Canine Flu: Authorities warn Pet Owners to Avoid Areas where Dogs can congregate

Canine Flu: Authorities warn Pet Owners to Avoid Areas where Dogs can congregate

Authorities concerned said that between January and March, five dogs in Chicago died due to canine flu.

On Friday, the Cook County Department of Animal and Rabies Control warned that pet owners must avoid dog parks, group dog training facilities, doggy day care businesses and all other places where dogs can be present in groups.

A local survey was also carried out that unveiled more than 1,000 cases of canine infectious respiratory disease have been reported in past few months. Experts said that even if dogs do not show symptoms, they can be contagious.

After witnessing a rise in number of calls with regard to the matter, animal control sent questionnaires to local veterinarians to find out how many dogs could be affected. The survey result found that there is an outbreak and it could take few days before it subsides.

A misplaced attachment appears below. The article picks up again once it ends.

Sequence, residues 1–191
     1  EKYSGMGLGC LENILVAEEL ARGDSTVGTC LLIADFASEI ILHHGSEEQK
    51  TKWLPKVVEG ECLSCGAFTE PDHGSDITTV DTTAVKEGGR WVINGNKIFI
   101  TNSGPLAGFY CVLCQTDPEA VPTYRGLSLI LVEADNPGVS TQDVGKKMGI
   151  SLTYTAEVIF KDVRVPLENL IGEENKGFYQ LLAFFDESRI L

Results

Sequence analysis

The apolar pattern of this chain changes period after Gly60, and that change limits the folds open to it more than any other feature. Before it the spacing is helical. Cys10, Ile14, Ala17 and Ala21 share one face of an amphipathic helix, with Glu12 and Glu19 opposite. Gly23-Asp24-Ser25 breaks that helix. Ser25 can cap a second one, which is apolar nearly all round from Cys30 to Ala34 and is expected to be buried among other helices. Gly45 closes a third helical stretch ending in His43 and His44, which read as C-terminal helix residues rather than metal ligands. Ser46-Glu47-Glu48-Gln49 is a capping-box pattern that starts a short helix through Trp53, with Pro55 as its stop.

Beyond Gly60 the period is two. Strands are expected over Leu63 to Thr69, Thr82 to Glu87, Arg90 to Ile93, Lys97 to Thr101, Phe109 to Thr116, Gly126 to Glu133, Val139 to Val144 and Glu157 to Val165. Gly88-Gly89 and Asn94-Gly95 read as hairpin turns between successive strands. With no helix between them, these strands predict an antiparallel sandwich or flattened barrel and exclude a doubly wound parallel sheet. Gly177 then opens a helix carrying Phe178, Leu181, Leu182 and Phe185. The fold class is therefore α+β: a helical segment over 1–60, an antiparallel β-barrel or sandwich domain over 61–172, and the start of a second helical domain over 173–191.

Experts said that dogs that have canine flu have prolonged cough, fever, runny nose and reduced appetite. Dr. Donna Alexander, the county's animal control administrator, said that dogs could lethargic or severely depressed.

It shall be noted that the condition is treatable. But the condition could be chronic among dogs under the age of 1, over the age of 7 and dogs with compromised immune systems. Among dogs, the disease is highly contagious, but it cannot be transmitted to people.

Alexander said that they have been asking people to visit their veterinarian if they should start the canine influenza vaccine. "It's not effective immediately, so owners must try to keep dogs away from doggy social functions. Even dog-friendly areas: You enter at your own risk (because) there is a lot of nose-to-nose contact going on there", said Alexander.

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